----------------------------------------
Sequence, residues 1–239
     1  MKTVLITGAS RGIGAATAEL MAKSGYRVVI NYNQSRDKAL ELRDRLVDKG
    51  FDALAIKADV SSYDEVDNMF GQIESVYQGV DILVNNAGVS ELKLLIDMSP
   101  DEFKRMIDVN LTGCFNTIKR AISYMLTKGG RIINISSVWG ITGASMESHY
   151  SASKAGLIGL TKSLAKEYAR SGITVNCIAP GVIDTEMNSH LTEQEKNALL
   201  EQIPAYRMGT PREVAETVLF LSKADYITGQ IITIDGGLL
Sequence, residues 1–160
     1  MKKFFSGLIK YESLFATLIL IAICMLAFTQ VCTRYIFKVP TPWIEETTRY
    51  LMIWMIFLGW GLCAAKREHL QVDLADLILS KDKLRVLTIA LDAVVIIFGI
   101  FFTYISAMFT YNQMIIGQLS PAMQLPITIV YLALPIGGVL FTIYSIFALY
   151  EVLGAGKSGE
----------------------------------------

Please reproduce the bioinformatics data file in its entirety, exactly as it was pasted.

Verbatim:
Sequence, residues 1–239
     1  MKTVLITGAS RGIGAATAEL MAKSGYRVVI NYNQSRDKAL ELRDRLVDKG
    51  FDALAIKADV SSYDEVDNMF GQIESVYQGV DILVNNAGVS ELKLLIDMSP
   101  DEFKRMIDVN LTGCFNTIKR AISYMLTKGG RIINISSVWG ITGASMESHY
   151  SASKAGLIGL TKSLAKEYAR SGITVNCIAP GVIDTEMNSH LTEQEKNALL
   201  EQIPAYRMGT PREVAETVLF LSKADYITGQ IITIDGGLL
Sequence, residues 1–160
     1  MKKFFSGLIK YESLFATLIL IAICMLAFTQ VCTRYIFKVP TPWIEETTRY
    51  LMIWMIFLGW GLCAAKREHL QVDLADLILS KDKLRVLTIA LDAVVIIFGI
   101  FFTYISAMFT YNQMIIGQLS PAMQLPITIV YLALPIGGVL FTIYSIFALY
   151  EVLGAGKSGE